Victory Day (9 May)
Victory Day celebrations in Moscow, 9 May 2005
|Official name||Russian: День Победы etc.[a 1]|
|Observed by||Russia and some former Soviet states , Azerbaijan, Belarus, Kazakhstan, Kyrgyztan; see Victory in Europe Day)|
|Next time||9 May 2018|
Victory Day[a 1] is a holiday that commemorates the victory of the Soviet Union over Nazi Germany in the Great Patriotic War. It was first inaugurated in the 16 republics of the Soviet Union, following the signing of the German Instrument of Surrender late in the evening on 8 May 1945 (after midnight, thus on 9 May Moscow Time). The Soviet government announced the victory early on 9 May after the signing ceremony in Berlin. Though the official inauguration occurred in 1945 the holiday became a non-labour day only in 1965 and only in certain Soviet republics.
In East Germany, 8 May was observed as "Liberation Day" from 1950 to 1966, and was celebrated again on the 40th anniversary in 1985. In 1975, a Soviet-style "Victory Day" was celebrated on 9 May. Since 2002, the German state of Mecklenburg-Vorpommern has observed a commemoration day known as the "Day of Liberation from National Socialism, and the End of the Second World War".
Two separate events of the capitulation of Nazi Germany took place at the time. First, the capitulation to the Allied nations in Reims was signed on 7 May 1945, effective 23:01 CET 8 May. This date is commonly referred to as the V-E Day (Victory in Europe Day) in most western European countries. Joseph Stalin was displeased by this, believing that the German surrender should have been accepted only by the envoy of the USSR Supreme command and signed only in Berlin. Stalin insisted the Reims protocol be considered preliminary, with the main ceremony to be held in Berlin, where Marshal Zhukov was at the time, as the latter recounts in his memoirs:
|“||[Quoting Stalin:] Today, in Reims, Germans signed the preliminary act on an unconditional surrender. The main contribution, however, was done by Soviet people and not by the Allies, therefore the capitulation must be signed in front of the Supreme Command of all countries of the anti-Hitler coalition, and not only in front of the Supreme Command of Allied Forces. Moreover, I disagree that the surrender was not signed in Berlin, which was the center of Nazi aggression. We agreed with the Allies to consider the Reims protocol as preliminary.||”|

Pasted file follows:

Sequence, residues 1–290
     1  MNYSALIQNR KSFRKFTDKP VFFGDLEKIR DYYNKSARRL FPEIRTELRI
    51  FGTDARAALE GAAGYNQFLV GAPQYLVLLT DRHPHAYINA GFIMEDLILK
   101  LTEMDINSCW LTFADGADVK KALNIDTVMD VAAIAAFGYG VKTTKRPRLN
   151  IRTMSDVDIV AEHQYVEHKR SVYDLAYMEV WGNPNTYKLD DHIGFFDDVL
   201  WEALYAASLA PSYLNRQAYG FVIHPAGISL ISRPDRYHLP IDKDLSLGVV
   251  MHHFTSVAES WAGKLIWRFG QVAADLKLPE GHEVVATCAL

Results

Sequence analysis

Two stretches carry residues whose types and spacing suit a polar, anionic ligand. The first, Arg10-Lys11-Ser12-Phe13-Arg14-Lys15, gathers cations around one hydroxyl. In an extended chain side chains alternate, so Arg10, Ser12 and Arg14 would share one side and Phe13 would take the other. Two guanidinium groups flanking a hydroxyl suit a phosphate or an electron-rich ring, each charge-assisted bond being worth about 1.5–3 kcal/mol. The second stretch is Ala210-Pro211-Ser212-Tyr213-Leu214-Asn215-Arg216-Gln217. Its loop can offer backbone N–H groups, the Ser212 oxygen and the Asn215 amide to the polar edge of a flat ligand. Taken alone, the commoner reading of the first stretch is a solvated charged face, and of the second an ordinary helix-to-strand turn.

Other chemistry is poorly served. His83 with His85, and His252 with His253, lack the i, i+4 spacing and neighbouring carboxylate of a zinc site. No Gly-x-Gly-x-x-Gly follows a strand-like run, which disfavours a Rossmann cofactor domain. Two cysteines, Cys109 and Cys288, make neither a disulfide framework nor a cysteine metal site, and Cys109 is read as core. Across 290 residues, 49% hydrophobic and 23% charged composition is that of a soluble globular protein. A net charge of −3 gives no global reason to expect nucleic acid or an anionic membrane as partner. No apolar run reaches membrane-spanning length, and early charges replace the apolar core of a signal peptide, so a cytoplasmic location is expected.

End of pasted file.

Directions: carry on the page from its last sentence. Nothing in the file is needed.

Therefore, another ceremony was organized in a surviving manor in the outskirts of Berlin late on 8 May, when it was already 9 May in Moscow due to the difference in time zones. Field-Marshal Wilhelm Keitel submitted the German Instrument of Surrender to Marshal Georgy Zhukov in the Soviet Army headquarters in Berlin-Karlshorst. To commemorate the victory in the war, the ceremonial Moscow Victory Parade was held in the Soviet capital on 24 June 1945.
The other World War II victory day, the V-J day (Victory in Japan Day) is commemorated in August.
During the Soviet Union's existence, 9 May was celebrated throughout the USSR and in the countries of the Eastern Bloc. Though the holiday was introduced in many Soviet republics between 1946 and 1950, it only became a non-labour day in the Ukrainian SSR in 1963 and the Russian SSR in 1965. In the Russian SSR a weekday off (usually a Monday) was given if 9 May fell on a Saturday or Sunday.
The celebration of Victory Day continued during subsequent years. The war became a topic of great importance in cinema, literature, history lessons at school, the mass media, and the arts. The ritual of the celebration gradually obtained a distinctive character with a number of similar elements: ceremonial meetings, speeches, lectures, receptions and fireworks.
In Russia during the 1990s, the 9 May holiday was not celebrated with large Soviet-style mass demonstrations due to the policies of successive Russian governments. Following Vladimir Putin's rise to power, the Russian government began promoting the prestige of the governing regime and history, and national holidays and commemorations became a source of national self-esteem. Victory Day in Russia has increasingly become a celebration in which popular culture plays a central role. The 60th and 70th anniversaries of Victory Day in Russia (2005 and 2015) became the largest popular holidays since the collapse of the Soviet Union.
In 2015 around 30 leaders, including those of China and India, attended the 2015 celebration, while Western leaders boycotted the ceremonies because of the Russian military intervention in Ukraine.
Countries celebrating 9th of May
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- Armenia has officially recognised 9 May since its independence in 1991. The holiday was similarly celebrated there while the country was part of the Soviet Union.